Why did Nokia choose Windows for its smartphones when it killed off Symbian? It held talks with Google about choosing Android, but in the end elected to sign a deal with Microsoft. We now know the answer thanks an interview with Nokia chief Stephen Elop in The Guardian.
‘I’m very happy with the decision we made,’ said Elop. ‘What we were worried about a couple of years ago was the very high risk that one hardware manufacturer could come to dominate Android. We had a suspicion of who it might be, because of the resources available, the vertical integration, and we were respectful of the fact that we were quite late in making that decision. Many others were in that space already.’
‘Now fast forward to today and examine the Android ecosystem, and there’s a lot of good devices from many different companies, but one company has essentially now become the dominant player.’ This, he says, is important in negotiations with carriers – who are the gatekeepers to getting a phone in front of so many people, especially in the US.’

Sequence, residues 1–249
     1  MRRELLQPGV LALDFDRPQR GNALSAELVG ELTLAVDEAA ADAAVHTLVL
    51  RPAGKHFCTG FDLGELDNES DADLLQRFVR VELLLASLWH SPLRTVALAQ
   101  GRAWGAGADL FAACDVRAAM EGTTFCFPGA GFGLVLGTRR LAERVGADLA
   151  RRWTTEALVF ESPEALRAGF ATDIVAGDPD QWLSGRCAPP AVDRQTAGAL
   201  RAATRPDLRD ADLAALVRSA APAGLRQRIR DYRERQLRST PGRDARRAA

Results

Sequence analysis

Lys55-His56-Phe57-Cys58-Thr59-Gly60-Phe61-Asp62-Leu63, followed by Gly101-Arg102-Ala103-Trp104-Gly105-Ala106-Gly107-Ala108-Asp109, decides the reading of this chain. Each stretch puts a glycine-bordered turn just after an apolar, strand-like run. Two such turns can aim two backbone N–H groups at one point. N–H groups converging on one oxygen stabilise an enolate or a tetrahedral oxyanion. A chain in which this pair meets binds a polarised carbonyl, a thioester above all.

Elop’s reasoning is clear: Nokia believed that Samsung would be best-placed – because of its manufacturing capability and history in the mobile space- to dominate, which would leave no room for anyone else – reasoning which has been borne out by events.
‘Now, it’s hard’, says Elop, ‘ it’s very difficult because we are starting as a challenger, we’re having to build that credibility; but with partners like AT&T we’re gaining that traction . But it was the right decision. You look at a number of other Android providers right now and they’re in a tough spot.’
On Thursday, Nokia will announce its second-quarter results, including figures for handset shipments. In its latest quarter to the end of May BlackBerry shipped 6.8m handsets. If Nokia has beaten that, it will have staked a claim to be the third ecosystem.
More here at The Guardian